Sunday, January 25, 2009

Research Paper Announces Test for CFS

I saw a very interesting new paper published recently in the UK, defining CFS as a mitochondrial dysfunction and identifying a test doctors can use to help diagnose it. Personally, this seems to be a bit of an over-simplification to me, not addressing the immune system and nervous system dysfunction, but it's still a huge step forward in viewing CFS as a real, physical ailment with characteristics that can be tested.

My favorite line in the explanation of the study:

"A useful analogy is to compare your body with your car. The mitochondria represent the engine of that car, the diet represents the fuel that goes in the tank, the thyroid gland represents the accelerator pedal and the adrenal gland the gearbox of that car. Using cognitive behaviour therapy or graded exercise to treat a patient with CFS/ME is akin to beating up the driver of the car when actually the car needs a re- conditioned engine, suitable fuel in the tank, resetting of the accelerator pedal, a new gear box or whatever."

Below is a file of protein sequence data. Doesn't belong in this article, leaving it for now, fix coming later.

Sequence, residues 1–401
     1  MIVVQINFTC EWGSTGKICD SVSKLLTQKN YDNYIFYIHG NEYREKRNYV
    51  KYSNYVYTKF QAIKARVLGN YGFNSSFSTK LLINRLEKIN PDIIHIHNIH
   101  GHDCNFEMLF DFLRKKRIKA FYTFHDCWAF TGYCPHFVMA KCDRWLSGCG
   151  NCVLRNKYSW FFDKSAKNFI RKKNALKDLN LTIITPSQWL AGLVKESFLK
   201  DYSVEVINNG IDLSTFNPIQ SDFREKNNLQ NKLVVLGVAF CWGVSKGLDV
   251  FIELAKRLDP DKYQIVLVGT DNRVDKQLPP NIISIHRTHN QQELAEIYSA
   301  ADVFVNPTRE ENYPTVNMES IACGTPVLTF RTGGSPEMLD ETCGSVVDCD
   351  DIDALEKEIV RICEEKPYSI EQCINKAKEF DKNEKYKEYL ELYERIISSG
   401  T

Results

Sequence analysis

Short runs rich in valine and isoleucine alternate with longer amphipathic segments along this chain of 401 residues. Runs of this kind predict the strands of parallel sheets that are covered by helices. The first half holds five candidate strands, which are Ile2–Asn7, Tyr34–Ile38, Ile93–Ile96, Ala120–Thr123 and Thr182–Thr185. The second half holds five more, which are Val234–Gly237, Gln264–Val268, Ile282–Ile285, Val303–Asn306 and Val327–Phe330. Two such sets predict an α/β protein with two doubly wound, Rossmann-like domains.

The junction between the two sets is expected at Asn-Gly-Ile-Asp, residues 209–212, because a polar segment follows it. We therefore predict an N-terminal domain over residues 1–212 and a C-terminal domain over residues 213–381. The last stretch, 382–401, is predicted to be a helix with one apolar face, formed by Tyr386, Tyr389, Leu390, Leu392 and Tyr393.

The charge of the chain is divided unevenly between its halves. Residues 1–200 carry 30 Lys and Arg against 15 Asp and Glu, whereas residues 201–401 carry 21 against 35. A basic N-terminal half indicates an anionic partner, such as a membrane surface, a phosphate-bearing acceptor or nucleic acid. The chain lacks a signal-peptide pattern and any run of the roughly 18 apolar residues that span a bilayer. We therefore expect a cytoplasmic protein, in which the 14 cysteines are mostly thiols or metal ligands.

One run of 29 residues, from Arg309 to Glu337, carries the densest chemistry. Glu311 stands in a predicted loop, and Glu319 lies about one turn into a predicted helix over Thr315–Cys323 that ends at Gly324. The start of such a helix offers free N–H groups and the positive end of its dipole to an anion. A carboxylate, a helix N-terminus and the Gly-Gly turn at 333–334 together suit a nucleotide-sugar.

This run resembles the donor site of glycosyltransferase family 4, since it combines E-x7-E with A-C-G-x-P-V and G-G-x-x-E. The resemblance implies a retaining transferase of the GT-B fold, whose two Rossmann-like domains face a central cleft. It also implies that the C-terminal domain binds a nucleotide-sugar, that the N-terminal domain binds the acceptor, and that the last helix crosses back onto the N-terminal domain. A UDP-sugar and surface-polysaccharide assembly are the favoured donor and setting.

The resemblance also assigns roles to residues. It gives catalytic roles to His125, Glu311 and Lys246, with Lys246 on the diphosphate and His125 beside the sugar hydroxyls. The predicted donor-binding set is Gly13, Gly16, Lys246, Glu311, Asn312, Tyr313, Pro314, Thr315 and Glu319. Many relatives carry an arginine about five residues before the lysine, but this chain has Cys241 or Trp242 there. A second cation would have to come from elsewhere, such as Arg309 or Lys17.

me/cfs warrior said...

I saw this study also. I was initially hopeful about it but realized it is too narrowly focused.

I think that's a great quote.

I hope things are going well for you.


Lori P said...

Thanks for the article Sue. It's encouraging that there has been progress in validating this disease.

Shelli said...

I love the analogy! Thanks for sharing this information. It makes sense. I have to admit, though, I love graded exercise -- not as a treatment, but as a plan to help me include exercise in my life. I hated giving up the benefits of exercise, and now I feel I'm adding it back bit by bit.

Sue Jackson said...

Shelli -

That's wonderful that you're still able to exercise at your own pace, and you're right, it is good for you. Unfortunately, many people with CFS have such severe exercise intolerance that even mild exercise sends them into a crash. There's a trend in the UK to prescribe exercise for CFS - which is just plain crazy!

It's great that you've found a level of exercise you can tolerate. I'm working on that myself!